CBSN

Govt. U-Turn On Gas Additive

The government admitted Tuesday its attempts to clear the air in smog-filled urban areas may have backfired. The fuel additive MTBE that worked so well to reduce smog levels actually ended up polluting the groundwater supply, reports CBS News Correspondent Sandra Hughes.

In response to an advisory panel report that the additive is getting into drinking water, the Environmental Protection Agency reversed course and urged a prompt and significant rollback in use of the chemical.

"We did find between five to 10 percent of the water supplies in areas that have been sampled, showing some detection of MTBE in the water supply," says panel member Daniel Greenbaum.

In Santa Monica, Calif., it contaminated more than half the water supply. "We've been dealing with this nightmare for four years," says Gil Borboa of the city's water division.

The methanol-based additive is used in reformulated gasoline in 16 states. Federal research shows the compound causes tumors in rats and may also do so in humans. A University of California study concluded that MTBE has affected at least 10,000 groundwater sites in the state.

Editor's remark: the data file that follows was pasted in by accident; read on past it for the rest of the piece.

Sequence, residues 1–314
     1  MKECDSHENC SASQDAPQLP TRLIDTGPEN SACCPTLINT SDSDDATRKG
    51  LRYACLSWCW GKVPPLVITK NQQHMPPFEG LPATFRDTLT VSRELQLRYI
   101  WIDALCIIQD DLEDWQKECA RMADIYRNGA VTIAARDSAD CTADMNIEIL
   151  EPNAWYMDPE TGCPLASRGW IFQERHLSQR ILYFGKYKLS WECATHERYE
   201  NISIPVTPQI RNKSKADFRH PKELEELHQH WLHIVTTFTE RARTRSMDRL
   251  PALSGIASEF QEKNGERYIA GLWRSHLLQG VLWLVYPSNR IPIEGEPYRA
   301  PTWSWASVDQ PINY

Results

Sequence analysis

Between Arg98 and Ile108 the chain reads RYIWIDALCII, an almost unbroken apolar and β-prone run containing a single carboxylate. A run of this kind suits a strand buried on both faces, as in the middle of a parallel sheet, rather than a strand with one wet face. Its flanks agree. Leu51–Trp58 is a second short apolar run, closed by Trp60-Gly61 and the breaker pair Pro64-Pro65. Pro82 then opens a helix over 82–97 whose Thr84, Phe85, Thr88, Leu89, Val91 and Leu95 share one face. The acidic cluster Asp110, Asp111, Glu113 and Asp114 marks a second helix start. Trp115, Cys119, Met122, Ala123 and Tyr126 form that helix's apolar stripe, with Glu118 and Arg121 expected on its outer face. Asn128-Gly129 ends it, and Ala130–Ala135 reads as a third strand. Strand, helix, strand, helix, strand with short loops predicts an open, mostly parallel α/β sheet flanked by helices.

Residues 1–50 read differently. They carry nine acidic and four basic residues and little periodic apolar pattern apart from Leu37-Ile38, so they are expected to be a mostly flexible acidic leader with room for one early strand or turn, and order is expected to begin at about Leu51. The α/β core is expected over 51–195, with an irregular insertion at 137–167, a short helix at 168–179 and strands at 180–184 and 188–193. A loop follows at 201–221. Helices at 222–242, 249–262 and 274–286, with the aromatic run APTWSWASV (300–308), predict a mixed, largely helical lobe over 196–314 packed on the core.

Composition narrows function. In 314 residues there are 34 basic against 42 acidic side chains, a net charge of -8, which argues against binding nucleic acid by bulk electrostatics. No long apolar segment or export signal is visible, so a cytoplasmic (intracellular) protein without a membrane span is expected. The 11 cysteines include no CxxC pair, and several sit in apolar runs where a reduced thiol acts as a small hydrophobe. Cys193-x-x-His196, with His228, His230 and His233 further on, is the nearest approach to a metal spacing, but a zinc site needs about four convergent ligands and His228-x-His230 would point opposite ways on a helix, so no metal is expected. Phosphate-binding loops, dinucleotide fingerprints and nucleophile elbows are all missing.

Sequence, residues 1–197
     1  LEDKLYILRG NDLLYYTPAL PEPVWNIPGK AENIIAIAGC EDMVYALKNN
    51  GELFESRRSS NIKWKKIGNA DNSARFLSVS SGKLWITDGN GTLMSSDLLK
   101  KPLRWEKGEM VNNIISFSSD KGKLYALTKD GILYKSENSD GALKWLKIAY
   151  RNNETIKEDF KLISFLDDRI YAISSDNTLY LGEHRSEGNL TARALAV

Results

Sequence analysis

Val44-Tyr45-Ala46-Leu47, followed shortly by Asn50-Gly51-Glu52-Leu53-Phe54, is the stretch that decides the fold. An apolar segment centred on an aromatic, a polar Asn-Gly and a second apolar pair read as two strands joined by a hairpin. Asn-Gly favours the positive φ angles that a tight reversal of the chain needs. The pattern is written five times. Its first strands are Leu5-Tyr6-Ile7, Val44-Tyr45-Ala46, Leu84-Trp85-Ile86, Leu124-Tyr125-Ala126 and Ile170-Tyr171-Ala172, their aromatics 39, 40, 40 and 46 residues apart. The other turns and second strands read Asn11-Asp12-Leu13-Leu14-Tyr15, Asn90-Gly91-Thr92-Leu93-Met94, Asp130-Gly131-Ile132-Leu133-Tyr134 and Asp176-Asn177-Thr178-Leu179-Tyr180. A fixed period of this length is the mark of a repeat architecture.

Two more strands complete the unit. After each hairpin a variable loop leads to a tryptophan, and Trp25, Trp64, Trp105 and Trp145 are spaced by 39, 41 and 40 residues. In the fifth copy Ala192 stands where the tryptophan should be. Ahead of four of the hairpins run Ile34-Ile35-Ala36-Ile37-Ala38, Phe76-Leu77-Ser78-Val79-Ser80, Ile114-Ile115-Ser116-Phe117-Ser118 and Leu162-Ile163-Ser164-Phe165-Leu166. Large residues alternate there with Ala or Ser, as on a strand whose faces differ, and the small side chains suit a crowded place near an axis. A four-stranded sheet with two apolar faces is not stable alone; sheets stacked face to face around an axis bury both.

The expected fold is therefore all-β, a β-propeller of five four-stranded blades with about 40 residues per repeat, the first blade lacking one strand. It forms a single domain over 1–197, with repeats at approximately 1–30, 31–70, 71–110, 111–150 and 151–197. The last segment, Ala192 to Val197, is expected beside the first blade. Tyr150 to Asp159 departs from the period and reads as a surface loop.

Once released into the ground through small cracks in gas station or oil company pipes, MTBE is so soluble that it's quickly absorbed into the groundwater supply.

Mark Feldman actually had MTBE leaking into his home in New York. "I would start picking up this gasoline-type odor right outside the front door of my house," he says.

Recently, California announced it would ban MTBE, and Maine officials pulled out of the "reformulated gasoline" program because of concern over the additive.

Producers warn that gasoline prices will rise if they are forced to use alternative methods to make cleaner burning gas.

Terry Wigglesworth of the Oxygenated Fuels Association says, "We'll be forced to rely on imports. We'll be forced to rely on physical changes to refineries and distribution systems. This has only one result: higher gasoline prices at the pump."

While many see the EPA announcement as the first step toward a nationwide ban, Greenbaum says MTBE does not yet pose health concerns. "This is not an issue of health and safety," Greenbaum said. "But when you cannot use a water supply because your consumers will not drink it, that is a huge loss to a community."